Number of Occurrences with Good Viability/Integrity: Very few (1-3)
Viability/Integrity Comments: Barr et al. (1994) determined (based on 1981 survey data) that viable populations exist in The Elk and Clinch Rivers. The Clinch River population is the largest and covers the largest river length (a few sites but over 140 or so miles) (USFWS, 1990). The population in the Elk River is not high enough to maintain long-term genetic viability (USFWS, 1990). A population in the Powell River in Hancock Co., Tennessee, that was barely surviving in 1979 (3 of 78 sites over 98 river miles) likely is no longer extant or if so, viable. The Green River population has been extirpated since 1966 (USFWS, 1990).

Overall Threat Impact: High
Overall Threat Impact Comments: Impoundments, siltation and pollution leading to water quality and habitat deterioration. Inadequate sewage treatment, coal mining, oil and gas drilling and poor land-use practices. The Powell River watershed was mined extensively for coal, and coal mining impacts are still present, especially in the upper reaches. The lower reaches of the Powell River have large deposits of coal fines and silt. The Clinch River has been adversely affected by pollution and land use practices along the river have contributed to the decline of water quality and loss of mussel populations. It has also experienced some impacts from coal mining. Toxic spills have historically produced mussel kills in the river. Although suitable habitat exists in the Elk River, cold water releases from Tims Ford Reservoir and pollution from unknown sources in the lower Elk River have impacted mussel fauna and reduced density (USFWS, 1990).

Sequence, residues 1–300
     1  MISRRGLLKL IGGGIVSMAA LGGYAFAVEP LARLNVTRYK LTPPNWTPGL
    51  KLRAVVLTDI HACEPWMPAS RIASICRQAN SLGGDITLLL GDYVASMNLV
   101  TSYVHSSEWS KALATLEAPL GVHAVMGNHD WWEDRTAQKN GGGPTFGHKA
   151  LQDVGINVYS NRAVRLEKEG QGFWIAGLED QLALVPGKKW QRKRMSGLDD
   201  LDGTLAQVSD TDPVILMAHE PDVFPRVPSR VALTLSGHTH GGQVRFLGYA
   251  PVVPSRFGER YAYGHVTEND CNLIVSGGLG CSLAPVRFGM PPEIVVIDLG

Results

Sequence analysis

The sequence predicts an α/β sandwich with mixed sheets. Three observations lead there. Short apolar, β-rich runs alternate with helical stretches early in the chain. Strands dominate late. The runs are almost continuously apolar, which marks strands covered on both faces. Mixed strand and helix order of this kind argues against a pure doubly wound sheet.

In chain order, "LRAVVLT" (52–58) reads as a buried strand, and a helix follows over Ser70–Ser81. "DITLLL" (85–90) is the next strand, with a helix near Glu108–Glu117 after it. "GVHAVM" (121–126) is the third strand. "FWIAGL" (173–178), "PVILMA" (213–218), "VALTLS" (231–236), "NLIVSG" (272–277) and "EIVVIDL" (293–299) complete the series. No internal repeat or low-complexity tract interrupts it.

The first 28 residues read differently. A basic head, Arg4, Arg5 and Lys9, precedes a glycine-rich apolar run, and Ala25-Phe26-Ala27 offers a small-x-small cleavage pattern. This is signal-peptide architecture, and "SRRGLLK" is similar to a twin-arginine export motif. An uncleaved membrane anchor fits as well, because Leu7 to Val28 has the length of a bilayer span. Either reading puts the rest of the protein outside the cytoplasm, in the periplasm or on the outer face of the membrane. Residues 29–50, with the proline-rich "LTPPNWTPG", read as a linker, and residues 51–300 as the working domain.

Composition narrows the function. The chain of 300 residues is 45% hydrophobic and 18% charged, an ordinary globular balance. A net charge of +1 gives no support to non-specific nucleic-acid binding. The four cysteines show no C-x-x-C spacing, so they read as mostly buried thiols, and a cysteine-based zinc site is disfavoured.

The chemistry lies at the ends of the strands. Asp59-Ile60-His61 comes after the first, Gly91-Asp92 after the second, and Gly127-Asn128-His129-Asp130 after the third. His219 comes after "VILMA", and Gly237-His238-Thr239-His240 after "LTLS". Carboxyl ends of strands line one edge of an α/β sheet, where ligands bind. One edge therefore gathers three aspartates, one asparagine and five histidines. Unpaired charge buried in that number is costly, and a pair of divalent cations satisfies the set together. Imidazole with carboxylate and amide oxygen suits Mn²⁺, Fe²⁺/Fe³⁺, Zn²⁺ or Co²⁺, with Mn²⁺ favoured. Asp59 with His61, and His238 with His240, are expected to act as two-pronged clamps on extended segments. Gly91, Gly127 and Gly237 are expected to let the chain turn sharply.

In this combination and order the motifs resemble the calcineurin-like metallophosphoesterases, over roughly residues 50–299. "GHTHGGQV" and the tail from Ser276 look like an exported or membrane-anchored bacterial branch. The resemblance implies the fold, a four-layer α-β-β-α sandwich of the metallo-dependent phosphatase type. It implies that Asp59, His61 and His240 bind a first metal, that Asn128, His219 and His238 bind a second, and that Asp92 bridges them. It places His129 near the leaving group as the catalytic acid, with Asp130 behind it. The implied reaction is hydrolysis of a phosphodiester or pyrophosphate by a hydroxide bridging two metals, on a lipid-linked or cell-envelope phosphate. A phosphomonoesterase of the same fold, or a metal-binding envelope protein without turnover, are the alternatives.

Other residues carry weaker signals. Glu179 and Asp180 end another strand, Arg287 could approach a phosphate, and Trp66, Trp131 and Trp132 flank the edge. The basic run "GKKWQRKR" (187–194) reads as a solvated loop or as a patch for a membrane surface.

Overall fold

Short-term Trend: Decline of >70%
Short-term Trend Comments: This species has declined substantially in Illinois to the point of extinction and was formerly found in the Wabash River (Cummings and Mayer, 1997). In Tennessee, it has been extirpated from most of its former range, although local and apparently viable populations survive, although the population in the Elk River persisted only until about 1981 (Parmalee and Bogan, 1998). The Elk River population has declined to near absence, the Green River population has not yielded specimens since 1966 despite surveys in the late 1980s, live specimens were taken in the Tennessee River below Pickwick Dam in the 1970s but only relict specimens after that, the Powell River population is also likely extirpated (USFWS, 1990).

Long-term Trend: Decline of >90%